Due to a lack of financial resources, we unfortunately have to suspend the import of any new radio frequency and mobile phone-related articles as of now (November 27, 2017). We apologize for this inconvenience and will keep you informed.

Because we received a large number of inquiries, we set up a bank account to accept donations. With their aid, we hope to resume, at least partly, the import of newly published articles to the RF archive of the EMF-Portal. Any contribution is greatly appreciated. Thank you for your kind support!

DONATION ACCOUNT: Uniklinik RWTH Aachen, IBAN: DE27 3905 0000 0013 0040 15, BIC: AACSDE33, Reference: GB-FM/380454/Arbm



MRI (magnetic resonance imaging) is a technique for visualizing internal structures of the body, particularly the soft tissues. In this way, pathological alterations in the body can be detected. Inside of the MRI there is a magnet generating a magnetic field that is several thousand times higher than that of the geomagnetic field.
Modern high field clinical MRI scanner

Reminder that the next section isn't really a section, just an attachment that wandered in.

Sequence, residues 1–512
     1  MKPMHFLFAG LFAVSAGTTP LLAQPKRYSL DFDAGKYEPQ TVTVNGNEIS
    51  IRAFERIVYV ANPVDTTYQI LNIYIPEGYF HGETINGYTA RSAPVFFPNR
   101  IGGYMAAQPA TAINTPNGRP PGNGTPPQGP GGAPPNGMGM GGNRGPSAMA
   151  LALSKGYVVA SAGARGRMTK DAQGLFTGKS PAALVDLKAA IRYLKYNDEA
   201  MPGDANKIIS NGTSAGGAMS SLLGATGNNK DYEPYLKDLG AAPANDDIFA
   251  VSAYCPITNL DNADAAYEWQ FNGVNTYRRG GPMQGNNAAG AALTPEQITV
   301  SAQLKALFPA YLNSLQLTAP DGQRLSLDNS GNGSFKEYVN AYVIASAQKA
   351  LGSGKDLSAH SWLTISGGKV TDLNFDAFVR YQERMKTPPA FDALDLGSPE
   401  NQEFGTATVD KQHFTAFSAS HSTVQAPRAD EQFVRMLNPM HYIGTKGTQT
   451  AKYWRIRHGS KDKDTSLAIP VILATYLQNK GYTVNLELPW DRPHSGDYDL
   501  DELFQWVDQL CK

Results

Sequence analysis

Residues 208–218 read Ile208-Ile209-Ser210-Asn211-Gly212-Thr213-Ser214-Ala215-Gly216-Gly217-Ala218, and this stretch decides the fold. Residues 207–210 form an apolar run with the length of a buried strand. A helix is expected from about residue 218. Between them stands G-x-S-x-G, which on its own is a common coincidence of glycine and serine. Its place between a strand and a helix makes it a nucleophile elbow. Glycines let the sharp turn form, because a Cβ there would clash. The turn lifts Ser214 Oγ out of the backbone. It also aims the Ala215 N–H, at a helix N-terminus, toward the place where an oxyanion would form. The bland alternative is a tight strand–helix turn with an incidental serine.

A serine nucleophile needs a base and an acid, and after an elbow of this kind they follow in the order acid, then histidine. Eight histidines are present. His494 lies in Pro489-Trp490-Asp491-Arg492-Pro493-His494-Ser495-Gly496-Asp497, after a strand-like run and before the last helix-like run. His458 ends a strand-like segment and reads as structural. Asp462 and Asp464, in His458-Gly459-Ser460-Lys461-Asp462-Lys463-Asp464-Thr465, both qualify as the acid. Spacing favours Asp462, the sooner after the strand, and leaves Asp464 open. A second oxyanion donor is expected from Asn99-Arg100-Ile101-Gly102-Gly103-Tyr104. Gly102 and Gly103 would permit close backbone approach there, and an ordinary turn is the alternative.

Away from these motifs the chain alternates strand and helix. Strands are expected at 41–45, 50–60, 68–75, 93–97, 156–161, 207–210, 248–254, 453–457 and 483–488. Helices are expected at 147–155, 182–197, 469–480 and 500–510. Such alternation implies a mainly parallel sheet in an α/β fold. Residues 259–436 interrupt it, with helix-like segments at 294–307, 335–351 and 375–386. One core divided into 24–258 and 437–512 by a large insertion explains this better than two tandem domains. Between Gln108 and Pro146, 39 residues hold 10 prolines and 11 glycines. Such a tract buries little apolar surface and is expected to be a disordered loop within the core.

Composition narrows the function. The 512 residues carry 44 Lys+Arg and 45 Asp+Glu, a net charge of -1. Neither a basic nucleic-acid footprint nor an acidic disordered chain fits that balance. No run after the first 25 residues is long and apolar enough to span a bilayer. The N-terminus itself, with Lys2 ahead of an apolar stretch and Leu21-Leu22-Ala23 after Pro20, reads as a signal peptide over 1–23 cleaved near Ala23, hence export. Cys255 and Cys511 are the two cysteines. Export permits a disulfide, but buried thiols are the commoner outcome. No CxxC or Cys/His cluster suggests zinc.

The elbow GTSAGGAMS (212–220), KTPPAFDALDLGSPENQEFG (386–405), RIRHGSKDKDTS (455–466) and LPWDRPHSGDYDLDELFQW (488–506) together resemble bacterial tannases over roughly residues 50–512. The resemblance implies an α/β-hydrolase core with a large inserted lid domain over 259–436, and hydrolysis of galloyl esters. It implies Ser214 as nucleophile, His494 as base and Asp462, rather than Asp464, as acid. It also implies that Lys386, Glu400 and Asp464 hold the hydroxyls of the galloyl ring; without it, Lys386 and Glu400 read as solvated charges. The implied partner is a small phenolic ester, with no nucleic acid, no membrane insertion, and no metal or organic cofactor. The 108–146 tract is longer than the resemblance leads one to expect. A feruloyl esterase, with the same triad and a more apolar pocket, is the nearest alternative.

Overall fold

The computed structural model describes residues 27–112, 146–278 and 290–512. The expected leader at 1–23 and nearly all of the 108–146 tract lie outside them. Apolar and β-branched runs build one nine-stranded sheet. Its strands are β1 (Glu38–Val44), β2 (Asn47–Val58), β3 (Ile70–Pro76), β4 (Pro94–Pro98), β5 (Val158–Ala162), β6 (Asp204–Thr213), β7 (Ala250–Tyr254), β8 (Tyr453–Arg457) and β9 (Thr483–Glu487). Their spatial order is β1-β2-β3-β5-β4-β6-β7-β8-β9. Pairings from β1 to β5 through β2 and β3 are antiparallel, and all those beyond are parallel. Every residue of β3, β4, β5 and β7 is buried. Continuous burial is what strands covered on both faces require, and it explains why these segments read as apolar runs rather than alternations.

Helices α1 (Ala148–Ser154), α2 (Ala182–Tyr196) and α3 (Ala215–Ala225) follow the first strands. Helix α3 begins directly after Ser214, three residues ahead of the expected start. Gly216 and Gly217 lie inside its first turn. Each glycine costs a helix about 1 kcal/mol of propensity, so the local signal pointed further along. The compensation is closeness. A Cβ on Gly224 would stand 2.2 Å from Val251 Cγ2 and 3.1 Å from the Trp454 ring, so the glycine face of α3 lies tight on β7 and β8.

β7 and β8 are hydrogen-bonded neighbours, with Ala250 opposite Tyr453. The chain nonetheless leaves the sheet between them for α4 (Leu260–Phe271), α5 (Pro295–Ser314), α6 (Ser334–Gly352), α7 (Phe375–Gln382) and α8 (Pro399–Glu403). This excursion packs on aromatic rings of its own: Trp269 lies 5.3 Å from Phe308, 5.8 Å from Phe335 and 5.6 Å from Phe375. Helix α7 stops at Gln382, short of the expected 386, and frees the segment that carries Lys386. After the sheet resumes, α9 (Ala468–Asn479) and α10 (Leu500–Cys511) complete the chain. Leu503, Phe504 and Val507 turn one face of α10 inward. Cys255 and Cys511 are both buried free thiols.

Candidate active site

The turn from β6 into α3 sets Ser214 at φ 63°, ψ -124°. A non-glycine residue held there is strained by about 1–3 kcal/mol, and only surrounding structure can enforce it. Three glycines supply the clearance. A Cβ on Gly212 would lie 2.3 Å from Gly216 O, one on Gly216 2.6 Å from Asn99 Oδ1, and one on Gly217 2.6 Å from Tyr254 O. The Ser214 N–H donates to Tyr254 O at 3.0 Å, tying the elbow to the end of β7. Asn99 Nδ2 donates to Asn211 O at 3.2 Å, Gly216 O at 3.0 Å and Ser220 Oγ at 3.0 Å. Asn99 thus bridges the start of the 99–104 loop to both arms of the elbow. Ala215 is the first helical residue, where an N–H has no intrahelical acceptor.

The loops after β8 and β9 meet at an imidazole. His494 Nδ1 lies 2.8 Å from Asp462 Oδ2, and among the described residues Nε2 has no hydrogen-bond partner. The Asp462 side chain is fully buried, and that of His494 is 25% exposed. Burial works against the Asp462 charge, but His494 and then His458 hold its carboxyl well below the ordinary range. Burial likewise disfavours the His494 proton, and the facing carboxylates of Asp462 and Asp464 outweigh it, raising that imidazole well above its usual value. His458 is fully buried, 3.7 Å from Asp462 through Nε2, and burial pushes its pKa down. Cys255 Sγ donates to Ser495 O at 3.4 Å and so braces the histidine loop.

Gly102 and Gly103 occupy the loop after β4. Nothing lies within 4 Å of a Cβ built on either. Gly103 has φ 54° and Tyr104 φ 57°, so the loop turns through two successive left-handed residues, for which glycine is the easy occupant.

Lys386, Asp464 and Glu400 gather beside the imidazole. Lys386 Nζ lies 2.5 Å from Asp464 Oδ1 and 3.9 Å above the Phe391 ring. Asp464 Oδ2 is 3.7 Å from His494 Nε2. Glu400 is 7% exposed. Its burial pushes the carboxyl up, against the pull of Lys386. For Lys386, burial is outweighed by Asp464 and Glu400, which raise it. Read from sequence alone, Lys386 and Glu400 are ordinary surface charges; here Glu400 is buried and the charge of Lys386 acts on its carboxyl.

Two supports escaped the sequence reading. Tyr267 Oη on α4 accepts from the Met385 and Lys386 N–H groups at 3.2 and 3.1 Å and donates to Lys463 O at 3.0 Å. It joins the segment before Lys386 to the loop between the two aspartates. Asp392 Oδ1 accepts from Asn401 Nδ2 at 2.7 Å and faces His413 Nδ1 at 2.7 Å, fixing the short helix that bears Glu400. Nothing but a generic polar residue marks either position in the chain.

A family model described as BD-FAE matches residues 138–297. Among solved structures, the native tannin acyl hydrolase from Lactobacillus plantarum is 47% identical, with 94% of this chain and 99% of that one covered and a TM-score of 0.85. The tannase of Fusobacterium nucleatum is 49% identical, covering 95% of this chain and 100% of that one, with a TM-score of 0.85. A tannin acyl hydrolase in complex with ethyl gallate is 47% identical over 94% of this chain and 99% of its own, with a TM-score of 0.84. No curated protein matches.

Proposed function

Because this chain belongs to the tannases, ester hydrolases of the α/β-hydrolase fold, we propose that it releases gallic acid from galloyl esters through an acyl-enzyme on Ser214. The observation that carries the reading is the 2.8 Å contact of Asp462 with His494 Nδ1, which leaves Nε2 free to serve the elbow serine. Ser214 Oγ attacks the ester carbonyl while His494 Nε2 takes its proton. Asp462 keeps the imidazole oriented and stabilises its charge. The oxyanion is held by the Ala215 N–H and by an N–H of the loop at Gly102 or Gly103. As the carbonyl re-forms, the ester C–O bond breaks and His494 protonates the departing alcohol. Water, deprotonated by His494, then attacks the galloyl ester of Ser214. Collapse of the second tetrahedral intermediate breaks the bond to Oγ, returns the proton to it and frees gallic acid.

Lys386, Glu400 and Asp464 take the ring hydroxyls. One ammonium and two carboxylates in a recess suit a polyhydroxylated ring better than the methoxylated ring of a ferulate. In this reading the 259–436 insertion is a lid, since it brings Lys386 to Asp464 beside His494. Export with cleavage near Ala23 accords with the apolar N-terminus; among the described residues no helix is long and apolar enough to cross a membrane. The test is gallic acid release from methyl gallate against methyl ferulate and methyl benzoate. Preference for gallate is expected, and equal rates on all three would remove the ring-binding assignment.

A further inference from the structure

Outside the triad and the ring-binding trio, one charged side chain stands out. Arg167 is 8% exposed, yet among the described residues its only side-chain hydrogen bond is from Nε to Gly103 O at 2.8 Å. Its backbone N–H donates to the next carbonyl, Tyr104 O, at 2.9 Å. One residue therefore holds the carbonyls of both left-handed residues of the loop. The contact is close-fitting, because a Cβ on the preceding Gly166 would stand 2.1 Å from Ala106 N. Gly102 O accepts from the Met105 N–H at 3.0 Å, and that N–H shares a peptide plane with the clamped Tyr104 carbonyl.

photo: KasugaHuang, license: CC BY-SA 3.0, via Wikimedia Commons
During a MRI procedure the patient is exposed a strong static magnetic field. During the MRI the magnetic characteristic of the atomic nucleus induce a certain orientation of the atoms within the magnetic field. Hereby, the atomic nuclei (e.g., hydrogen atoms) within the tissues of the body take up an identical alignment. By an electromagnetic radiofrequency pulse, this orientation is deranged. When the nuclei take back their orientation after the pulse, they emit an electromagnetic signal, which is converted to give the image.
MRI scan of a knee
photo: Test21, license: CC BY-SA 3.0, via Wikimedia Commons
In daily clinical practice, open MRIs are normally operated from 0.2 - 1 T and closed MRIs from 1.5 - 3 T for the examination of patients. Only in research facilities, magnetic fields from 7 T up to 9.4 T are used.

Typical measurement values for MRI can be found in the database of exposure sources.